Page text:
I was actually running behind when I got to Mysticon. I had about an hour before my first panel, so I got checked in and situated without too much hassle. Quite a few people were more than interested in my booze supply, which I donated to the party Doc was hosting that night in his room. It’s hard to traverse a con hotel without someone taking notice that you have a massive box of booze. That first panel, Cats On A Keyboard, was fun and I got to share my horror stories of trying to write a book while dealing with two cats and a new dog, all while under a deadline from Hell. The other panels were pretty good as well, except I missed my Boot Camp — Past, Present and Future panel due to someone needing emergency assistance (ER-type stuff) and I was running around trying to find the right people. Then I forgot, started talking to an old friend, and promptly remembered my panel… with ten minutes left. Tom Kratman kind of looked at me funny when I walked in, because I had seen him earlier that day and I mentioned I was looking forward to our panel.

We also had a great recruiting drive for the Official Honor Harrington Fan Association. My ship, the HMS Wolverine, recruited 33 more people to join. That’s the fan table I was babysitting for most of the weekend (with the help of the crew). Jasmine, Melanie, Jonny, Doc, and Gerry (even Tina managed to drop by and help recruit, while running a convention) were all a tremendous help and watched the table long enough for me to actually experience the con and do some shopping (I picked up an awesome Doctor Who shirt from Mystik Waboose). Next year, though, I’m not sure I want to run a fan table again. It was a lot of work, and while the payoff was great, did I mention that it was a lot of work?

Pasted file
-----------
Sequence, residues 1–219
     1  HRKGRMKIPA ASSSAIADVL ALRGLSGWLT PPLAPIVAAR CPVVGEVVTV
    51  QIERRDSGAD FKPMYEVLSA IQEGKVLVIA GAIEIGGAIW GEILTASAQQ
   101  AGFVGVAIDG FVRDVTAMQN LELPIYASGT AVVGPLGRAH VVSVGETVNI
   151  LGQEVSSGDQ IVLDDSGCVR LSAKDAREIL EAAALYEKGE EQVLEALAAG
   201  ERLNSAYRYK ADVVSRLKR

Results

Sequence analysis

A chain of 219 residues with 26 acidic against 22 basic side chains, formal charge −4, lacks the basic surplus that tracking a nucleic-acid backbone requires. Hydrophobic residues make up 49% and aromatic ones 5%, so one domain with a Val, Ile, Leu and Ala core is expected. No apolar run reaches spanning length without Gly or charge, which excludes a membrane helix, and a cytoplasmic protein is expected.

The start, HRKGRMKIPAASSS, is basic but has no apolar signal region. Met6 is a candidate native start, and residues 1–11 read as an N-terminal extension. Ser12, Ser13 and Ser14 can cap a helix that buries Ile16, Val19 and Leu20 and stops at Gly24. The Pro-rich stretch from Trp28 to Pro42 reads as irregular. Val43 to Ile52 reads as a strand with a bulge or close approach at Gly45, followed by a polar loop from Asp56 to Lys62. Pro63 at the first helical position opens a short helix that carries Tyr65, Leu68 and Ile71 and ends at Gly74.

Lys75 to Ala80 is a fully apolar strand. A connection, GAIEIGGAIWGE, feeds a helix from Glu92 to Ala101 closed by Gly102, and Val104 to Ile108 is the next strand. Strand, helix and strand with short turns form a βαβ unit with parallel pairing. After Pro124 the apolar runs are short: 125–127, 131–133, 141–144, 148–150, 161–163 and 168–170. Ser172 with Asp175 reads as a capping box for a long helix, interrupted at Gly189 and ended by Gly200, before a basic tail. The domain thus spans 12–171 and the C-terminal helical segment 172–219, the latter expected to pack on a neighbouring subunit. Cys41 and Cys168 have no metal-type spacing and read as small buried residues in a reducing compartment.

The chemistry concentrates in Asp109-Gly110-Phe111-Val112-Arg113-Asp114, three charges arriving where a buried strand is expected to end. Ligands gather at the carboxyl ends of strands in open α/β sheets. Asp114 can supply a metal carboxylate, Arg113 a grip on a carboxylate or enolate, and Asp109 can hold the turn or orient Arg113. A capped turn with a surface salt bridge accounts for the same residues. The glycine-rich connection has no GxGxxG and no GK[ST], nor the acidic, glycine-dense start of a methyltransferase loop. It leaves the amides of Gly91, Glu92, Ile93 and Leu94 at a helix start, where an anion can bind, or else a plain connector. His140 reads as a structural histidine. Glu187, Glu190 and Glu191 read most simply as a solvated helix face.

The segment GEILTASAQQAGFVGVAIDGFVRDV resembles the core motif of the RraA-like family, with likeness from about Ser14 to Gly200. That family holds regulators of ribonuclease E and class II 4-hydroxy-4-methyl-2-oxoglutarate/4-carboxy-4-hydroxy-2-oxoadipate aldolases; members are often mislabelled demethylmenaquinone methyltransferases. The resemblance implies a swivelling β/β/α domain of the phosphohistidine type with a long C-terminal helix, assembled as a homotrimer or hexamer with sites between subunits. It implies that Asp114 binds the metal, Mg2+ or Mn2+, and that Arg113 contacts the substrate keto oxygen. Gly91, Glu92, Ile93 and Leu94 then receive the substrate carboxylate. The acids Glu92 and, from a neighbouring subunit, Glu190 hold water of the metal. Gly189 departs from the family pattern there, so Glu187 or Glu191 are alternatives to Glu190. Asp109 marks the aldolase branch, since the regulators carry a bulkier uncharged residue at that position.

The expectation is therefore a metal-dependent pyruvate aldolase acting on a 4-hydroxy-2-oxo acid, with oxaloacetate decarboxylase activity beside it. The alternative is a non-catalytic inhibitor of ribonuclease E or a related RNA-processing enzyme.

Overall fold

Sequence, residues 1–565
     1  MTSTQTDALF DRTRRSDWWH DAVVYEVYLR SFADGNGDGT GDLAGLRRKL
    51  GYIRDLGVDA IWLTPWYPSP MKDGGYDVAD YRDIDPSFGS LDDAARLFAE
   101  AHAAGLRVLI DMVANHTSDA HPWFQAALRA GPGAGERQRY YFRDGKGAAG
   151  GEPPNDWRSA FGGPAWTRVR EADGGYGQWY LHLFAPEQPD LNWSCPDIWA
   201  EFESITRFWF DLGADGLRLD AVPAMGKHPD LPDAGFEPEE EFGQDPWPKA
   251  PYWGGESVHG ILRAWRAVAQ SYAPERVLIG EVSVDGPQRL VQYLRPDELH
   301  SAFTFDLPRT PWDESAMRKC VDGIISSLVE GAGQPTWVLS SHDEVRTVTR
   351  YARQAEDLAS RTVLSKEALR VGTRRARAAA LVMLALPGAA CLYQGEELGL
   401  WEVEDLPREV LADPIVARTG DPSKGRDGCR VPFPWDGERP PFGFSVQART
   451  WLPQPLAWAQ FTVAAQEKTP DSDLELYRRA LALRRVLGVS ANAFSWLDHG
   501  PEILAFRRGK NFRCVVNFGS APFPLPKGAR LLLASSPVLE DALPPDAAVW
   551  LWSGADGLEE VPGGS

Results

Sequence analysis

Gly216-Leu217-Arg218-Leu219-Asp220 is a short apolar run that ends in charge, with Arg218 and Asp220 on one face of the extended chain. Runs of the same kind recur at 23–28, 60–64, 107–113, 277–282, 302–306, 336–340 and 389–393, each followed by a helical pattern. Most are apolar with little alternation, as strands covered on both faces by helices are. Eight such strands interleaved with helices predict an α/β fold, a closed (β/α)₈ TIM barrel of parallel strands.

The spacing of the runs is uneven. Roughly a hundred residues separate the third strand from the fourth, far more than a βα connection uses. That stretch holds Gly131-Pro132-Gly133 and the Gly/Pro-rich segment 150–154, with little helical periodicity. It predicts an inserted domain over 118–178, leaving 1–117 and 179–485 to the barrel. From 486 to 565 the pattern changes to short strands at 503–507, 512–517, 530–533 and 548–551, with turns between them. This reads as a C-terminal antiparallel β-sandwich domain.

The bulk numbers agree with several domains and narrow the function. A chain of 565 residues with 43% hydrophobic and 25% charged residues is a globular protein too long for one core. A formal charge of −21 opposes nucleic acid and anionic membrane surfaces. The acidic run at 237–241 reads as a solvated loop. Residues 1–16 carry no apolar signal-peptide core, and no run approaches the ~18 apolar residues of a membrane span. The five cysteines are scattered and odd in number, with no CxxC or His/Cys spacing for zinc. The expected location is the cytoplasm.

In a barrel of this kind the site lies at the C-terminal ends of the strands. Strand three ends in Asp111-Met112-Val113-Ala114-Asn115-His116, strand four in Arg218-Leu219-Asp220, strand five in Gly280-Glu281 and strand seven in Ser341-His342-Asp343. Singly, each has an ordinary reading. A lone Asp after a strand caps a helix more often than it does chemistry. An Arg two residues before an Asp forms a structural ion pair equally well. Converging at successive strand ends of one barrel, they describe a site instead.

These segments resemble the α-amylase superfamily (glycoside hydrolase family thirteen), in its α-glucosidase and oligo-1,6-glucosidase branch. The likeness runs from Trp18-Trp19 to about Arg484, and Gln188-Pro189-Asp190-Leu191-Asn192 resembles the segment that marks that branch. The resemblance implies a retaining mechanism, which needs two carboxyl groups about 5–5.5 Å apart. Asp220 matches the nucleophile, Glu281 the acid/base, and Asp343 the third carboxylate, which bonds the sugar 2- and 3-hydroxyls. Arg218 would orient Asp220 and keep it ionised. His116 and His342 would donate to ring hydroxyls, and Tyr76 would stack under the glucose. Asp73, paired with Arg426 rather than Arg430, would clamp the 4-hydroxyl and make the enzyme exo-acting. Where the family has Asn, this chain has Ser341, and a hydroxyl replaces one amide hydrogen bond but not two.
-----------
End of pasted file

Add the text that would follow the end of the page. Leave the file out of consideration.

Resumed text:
It also coincided with my second guest post over at the Mad Genius Club on equality and diversity in SF/F. Needless to say, I’m quite opinionated on the subject, and went off on a tangent about how Equality ≠ Diversity. It all started when I read something about “Con Or Bust” which, at first glance, seemed like it was a good idea. Then I read more, and then I got pissed, then read the rest, and became enraged. You can read the actual article over at MGC here. Once more, I get the urge (even three weeks later) to scream at people “quit getting butthurt about stupid sh*t!”

On the writing front, I haven’t heard anything from the agent regarding my collaborative work with Eric Brown (titled Hand of God). Granted, I don’t expect to hear anything this soon, but still… I’m impatient, and in an industry where the core belief is that patience is rewarded. *eye roll* In the meantime, Wraithkin is also sitting on someone’s desk (computer, tablet, whatever). Bonus, though: when I was literally walking out the door to Mysticon, I got a message from Eric.

Eric: Hey, want to write another MilSF story?

Me: Uh, duh?

*we talk ideas for about five minutes*

Eric: Cool! I’ll send you what I was thinking in a few days!